“When there is no turning back, then we should concern ourselves only with the best way of going forward.” - Paulo Coelho
What is it that inspires parents to turn the tragic loss of a son into an impetus for good, and transform their grief into action that makes our world a better, more humane place? This question could have many answers, but for former Fairplay residents, Jim and Jean Moloney, their source of inspiration was the very son they lost suddenly in a climbing accident outside of Boulder, on September 26, 2015.
On their website, they wrote:
“Angus could see the goodness in all around him. His infectious smile brightened every room and lifted the spirits of all those he met. Angus’s mind was as agile as his body – always leaping and diving towards big ideas. At only 22 years old, he was well on his way to making substantive contributions to environmental and social justice issues. Opening his own internet business in 2014, he was building a web presence to promote emerging entrepreneurs in the areas of sustainability, mental and physical health, and learning. Among others, he supported a job assistance center to help veterans, an experiential learning center, and a massage therapy practice. His love of nature and his creative “work-around approach” to life were built on life with his family growing up in Colorado, in the mountains above 10,000 feet, where he could look up at the night sky and see the Milky Way.”
On Sunday morning, Sept. 26 in Boulder, Jim, Jean, their son Emmet, his wife and grandson, and a host of Angus’ friends, will once again celebrate his life on their 6th Annual Memorial Hike near Boulder’s Chautauqua Park. This year they will also have a dedication of a memorial sitting stone later that afternoon in the small Mattie Dean Garden Park, across from Columbia Cemetery, on Pleasant Street (between 8th & 9th).
“He’s stardust now,” Jean recalled her husband saying, six years ago as they waited to board the plane taking them to Colorado to claim his body. That word, “Stardust” would not long after, become the name of the non-profit organized by Jim and Jean, along with his long-time girlfriend, Camille Babington, to honor Angus by carrying on the work he had been so determined and excited to do.
Stardust Startups became a 501(c)(3) non-profit that awards micro-grants to select emerging entrepreneurs who need seed money for projects focused on making positive social and environmental impacts. Since its inception in 2015, Stardust Startups has awarded nearly $50,000 in grants to a diverse array of beginning businesses around the world in 11 countries and 5 US states - fascinating projects such as a bio-tech invention helping bees fight parasites and contaminants, a low-consumption indoor air cooling system, an ion-powered aircraft, alternative fuel sources for refugees, eco-responsible tiny housing, bulk food distribution, aquatic tanks that reduce PTSD, a reusable take-out container service, a reading and technology program in Nigeria, a Los Angeles app start-up promoting green habits and local tips for millennials, and many more.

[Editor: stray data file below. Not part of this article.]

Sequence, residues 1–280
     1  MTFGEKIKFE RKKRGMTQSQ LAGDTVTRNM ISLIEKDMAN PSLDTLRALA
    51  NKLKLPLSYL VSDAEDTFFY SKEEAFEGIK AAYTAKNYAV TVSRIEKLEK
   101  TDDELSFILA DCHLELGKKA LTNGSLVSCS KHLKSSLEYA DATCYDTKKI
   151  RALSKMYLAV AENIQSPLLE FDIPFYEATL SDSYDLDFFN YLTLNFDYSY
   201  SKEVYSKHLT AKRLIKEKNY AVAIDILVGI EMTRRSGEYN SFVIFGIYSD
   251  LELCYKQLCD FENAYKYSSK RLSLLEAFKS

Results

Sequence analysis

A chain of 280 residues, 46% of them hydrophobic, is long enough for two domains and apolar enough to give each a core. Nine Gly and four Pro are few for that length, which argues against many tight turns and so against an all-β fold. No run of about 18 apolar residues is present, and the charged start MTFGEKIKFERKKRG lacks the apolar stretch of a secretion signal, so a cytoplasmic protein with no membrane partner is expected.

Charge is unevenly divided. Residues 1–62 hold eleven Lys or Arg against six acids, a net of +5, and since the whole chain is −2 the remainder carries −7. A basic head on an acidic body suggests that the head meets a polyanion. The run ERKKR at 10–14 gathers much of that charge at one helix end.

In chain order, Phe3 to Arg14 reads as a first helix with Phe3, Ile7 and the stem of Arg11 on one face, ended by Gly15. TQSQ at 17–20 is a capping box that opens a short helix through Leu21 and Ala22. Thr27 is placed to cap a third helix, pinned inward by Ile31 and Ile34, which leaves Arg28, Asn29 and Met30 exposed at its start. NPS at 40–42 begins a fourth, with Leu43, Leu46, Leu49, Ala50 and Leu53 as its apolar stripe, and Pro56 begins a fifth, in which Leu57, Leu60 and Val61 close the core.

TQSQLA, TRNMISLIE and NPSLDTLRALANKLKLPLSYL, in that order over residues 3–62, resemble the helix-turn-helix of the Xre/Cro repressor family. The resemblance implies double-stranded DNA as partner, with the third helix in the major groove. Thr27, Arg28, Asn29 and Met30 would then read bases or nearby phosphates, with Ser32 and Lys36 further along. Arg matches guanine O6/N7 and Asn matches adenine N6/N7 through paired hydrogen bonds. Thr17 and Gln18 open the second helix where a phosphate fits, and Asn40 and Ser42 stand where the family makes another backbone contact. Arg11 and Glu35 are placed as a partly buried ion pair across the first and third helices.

One of the unique businesses they’ve helped is Kajou, a company that makes highly nutritious cashew juice and flour from formerly wasted by-product in cultivating cashew fruit on the Ivory Coast, creating more jobs and additional income for poor local cashew farmers.
Stardust Startups promotes emerging young business that conform to the United Nation’s 17 Sustainable Development Goals – with emphasis on Hunger, Health, Quality Education, Clean Water/Sanitation, Clean Energy, Sustainable Cities/Communities, Responsible Consumption/Production and Climate Action.
You can read about and follow the enterprises they’ve helped, and learn more about this impressive organization on their website: Startduststartupfactory.org
Getting to know the Moloneys
I first got to know Jim and Jean Moloney in the early 1980’s while I was reporter for the Fairplay Flume. They lived just outside of Fairplay in a home they built themselves, one of the first homes in the area‘s new subdivision, Silverheels Ranch, and well before electricity and phone were brought in. Jim was a Breckenridge ski patrolman and worked summers as a carpenter and real estate salesman. He had a clever sense of humor, played the guitar, and had a friendly dalmatian named Crash - the unofficial parade mascot for Alma Fire Department. Jean was an enthusiastic, innovative Breckenridge High School Science, Social studies & Language teacher, exemplifying the diverse interests she would continue to pursue in years to come with inexhaustible energy and a can-do attitude. She could also cook up a mean batch of her home state of Louisiana’s garlic fried shrimp. Jim calls his “Southern” American Princess.”